Indexing methods for faster and more effective person name search
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Indexing Methods for Faster and More Effective Person Name Search. Mark Arehart MITRE Corporation marehart@mitre.org. Goals. Not about NER per se. Assume NER is already done. Make output useful to users Searchable with approximate matching Not an offline process: fast response time

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Indexing Methods for Faster and More Effective Person Name Search

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Indexing Methods for Faster and More Effective Person Name Search

Mark Arehart

MITRE Corporation

marehart@mitre.org


Goals

  • Not about NER per se.

  • Assume NER is already done.

  • Make output useful to users

    • Searchable with approximate matching

    • Not an offline process: fast response time

  • Balance search effectiveness and speed.


Context: DARPA TIGR system


Person Names in TIGR

  • Entered by soldiers in reports.

  • Users lack linguistic expertise.

  • Spelling/transliteration variation.

  • Data entry errors.

  • Generic text search provided by IR system does not compensate.

  • Name index created by NER (Miller et al 10).


Approximate Name Matching

  • Research community:

    • phonetic keys

    • n-gram matching

    • edit-based measures (with fixed, variable, or learned edit costs)

    • Frequency-based measures

    • String based and token-based

    • Refs: Winkler 90, Zobel and Dart95, Ristad and Yianilos 98, Bilenko and Mooney 03, Cohen et al 03, Christen 06.

  • Commercial systems (expensive)


Performance Problem

  • Fuzzy-matching is slow.

  • 2000 comps/sec sounds fast, right?

  • Match query to every database name:

    query_time = size_db * avg_match_time

  • 0.5 ms times db size of 100,000 = 50 seconds per query.

  • Not fast.


Solution Part 1

  • Make comparison function faster.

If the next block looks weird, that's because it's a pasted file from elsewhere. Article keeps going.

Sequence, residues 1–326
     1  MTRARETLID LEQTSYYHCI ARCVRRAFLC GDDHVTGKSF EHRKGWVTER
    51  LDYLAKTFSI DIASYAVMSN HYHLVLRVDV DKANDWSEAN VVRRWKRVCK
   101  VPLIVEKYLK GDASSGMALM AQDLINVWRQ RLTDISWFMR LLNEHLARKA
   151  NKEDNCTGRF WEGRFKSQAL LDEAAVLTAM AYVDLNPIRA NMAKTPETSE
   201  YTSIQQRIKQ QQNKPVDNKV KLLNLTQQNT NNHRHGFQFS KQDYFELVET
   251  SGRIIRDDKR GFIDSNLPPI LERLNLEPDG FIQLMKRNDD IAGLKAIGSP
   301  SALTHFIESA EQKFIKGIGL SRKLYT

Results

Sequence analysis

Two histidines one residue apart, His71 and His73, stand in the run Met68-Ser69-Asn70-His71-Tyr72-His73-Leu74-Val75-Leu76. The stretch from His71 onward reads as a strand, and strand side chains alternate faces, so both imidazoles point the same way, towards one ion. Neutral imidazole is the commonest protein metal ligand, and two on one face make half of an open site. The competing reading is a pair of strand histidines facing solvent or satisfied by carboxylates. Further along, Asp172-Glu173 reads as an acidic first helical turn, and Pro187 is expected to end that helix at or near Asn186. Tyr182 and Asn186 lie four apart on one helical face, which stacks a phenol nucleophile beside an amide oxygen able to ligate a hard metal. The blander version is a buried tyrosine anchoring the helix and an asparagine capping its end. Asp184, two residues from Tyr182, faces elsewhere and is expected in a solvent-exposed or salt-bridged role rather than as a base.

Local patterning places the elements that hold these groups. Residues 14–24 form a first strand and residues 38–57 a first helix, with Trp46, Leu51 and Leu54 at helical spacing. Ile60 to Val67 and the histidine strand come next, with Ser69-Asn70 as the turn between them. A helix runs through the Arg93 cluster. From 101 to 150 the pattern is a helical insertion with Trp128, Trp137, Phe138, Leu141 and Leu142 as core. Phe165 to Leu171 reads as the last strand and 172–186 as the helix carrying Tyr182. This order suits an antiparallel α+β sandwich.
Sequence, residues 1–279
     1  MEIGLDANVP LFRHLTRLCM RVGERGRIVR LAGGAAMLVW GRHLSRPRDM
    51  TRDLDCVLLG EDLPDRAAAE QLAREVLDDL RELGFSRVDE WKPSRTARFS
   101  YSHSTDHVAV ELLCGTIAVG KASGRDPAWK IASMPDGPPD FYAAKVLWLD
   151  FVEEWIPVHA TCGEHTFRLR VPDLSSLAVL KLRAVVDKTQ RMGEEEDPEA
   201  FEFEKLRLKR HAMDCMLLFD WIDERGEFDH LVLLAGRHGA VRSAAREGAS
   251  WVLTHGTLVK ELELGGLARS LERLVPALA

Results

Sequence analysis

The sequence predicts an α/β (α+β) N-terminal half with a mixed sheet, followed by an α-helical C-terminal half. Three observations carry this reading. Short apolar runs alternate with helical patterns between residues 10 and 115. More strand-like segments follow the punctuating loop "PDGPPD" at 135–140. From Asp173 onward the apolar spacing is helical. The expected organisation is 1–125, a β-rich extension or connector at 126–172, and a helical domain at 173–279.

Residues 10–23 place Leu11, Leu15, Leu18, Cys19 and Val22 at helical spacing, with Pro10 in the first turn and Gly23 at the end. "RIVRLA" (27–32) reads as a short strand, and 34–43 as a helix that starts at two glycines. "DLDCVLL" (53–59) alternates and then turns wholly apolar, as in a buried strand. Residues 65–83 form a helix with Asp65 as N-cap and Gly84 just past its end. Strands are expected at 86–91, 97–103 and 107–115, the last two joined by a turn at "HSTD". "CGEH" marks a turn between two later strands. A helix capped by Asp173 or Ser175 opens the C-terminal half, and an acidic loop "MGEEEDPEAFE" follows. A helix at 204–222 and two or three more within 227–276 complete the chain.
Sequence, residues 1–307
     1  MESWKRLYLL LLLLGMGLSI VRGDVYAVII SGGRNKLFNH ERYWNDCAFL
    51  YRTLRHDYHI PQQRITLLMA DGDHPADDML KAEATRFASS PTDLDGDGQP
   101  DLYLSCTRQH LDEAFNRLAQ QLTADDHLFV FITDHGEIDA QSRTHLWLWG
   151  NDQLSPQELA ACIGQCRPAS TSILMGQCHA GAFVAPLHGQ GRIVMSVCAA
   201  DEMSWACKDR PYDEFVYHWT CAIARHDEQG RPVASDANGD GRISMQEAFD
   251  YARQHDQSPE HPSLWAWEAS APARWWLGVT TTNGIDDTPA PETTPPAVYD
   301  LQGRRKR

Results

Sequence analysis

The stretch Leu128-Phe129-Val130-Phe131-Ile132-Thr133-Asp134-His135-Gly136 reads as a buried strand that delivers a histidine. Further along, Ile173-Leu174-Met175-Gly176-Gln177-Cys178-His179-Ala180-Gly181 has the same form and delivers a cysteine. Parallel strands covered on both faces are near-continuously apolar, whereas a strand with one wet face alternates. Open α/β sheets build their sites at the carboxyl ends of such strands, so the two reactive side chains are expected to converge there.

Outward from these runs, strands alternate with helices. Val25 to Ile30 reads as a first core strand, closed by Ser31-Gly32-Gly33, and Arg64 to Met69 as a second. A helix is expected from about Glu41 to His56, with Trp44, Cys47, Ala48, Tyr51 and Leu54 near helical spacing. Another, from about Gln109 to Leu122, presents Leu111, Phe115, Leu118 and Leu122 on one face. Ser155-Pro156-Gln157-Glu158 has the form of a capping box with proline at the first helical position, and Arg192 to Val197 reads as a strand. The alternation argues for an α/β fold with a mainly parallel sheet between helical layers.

• Say you more than double the speed through code optimization.

  • 0.18ms * 100,000 records = 18 seconds.

  • Much better, but…


Solution Part 2

  • Pass 1: blocking

    • developed in record linkage (Winkler 06 for overview)

    • quick (dumb) retrieval of candidates.

  • Pass 2: matching

    • slow (smart) comparison function.

  • Blocking function must:

    • Retrieve a small subset of the db.

    • Do so quickly.

    • Include all the true matches.


Two-Pass Matching

  • Create text index of database names.

  • Each name is indexed by one or more keys.

  • At query time, generate keys for query name.

  • Retrieve candidates using direct key lookup.

  • Apply comparison function to candidates.


Ways to Make Keys

Original name = Saddam Hussein Al Tikriti

Exact  [SADDAM, HUSSEIN, (AL), TIKRITI]

Substring [SADD, HUSS, (AL), TIKR]

Phonetic  [STM, HSN, (AL), TKRT]

Better to not index particles like AL, ABU, BIN


Key-based Index

STM  [Saddam Hussein Al Tikriti,

Saddam Husein, …]

HSM [Saddam Hussein Al Tikriti,

Hosein Mohamed,

Ahmed Hassan, …]

TKRT [Saddam Hussein Al Tikriti,

Uday Hussein Al Tikriti, …]


Retrieval Using Keys

  • Generate keys from query name.

    • Refinement: don’t index particles (using stoplist).

  • Return names associated with each key.

    • Refinement: for longer names, require more than one key match.

  • Do fuzzy matching on the retrieved candidates.


Evaluation

  • Existing datasets not appropriate.

    • String matching research: too small or not right kinds of variations (Pfeifer 95, Zobel and Dart 95, Cohen et al 03, Bilenko and Mooney 03)

    • Record linkage: multiple data fields (Winkler 06)

  • Our test set (previously developed) of approx 700 queries run against 70,000 names.

    • Test data is noisy and multicultural.

    • Contains many kinds of Arabic name variants.

  • Runs evaluated for accuracy and speed.


Matching Functions

  • JaroWinkler: generic string matching baseline

  • Level 2 JaroWinkler: tokenized

  • Romarabic: custom algorithm (Freeman 06)

    • dictionary of common variants

    • name part similarity backs off to edit distance

    • aware of multi-segment name parts

    • finds optimal alignment


JaroWinkler


Level 2 JaroWinkler


Romarabic


Conclusion

  • For NER to be useful, system performance must be considered.

    • Most accurate matcher may be impractical

  • Multiple pass algorithm

    • Speed/accuracy not a tradeoff here.

  • Very simple methods are often the best.

    • custom phonetic key did worse than prefix

  • Important to use large and realistic test set.


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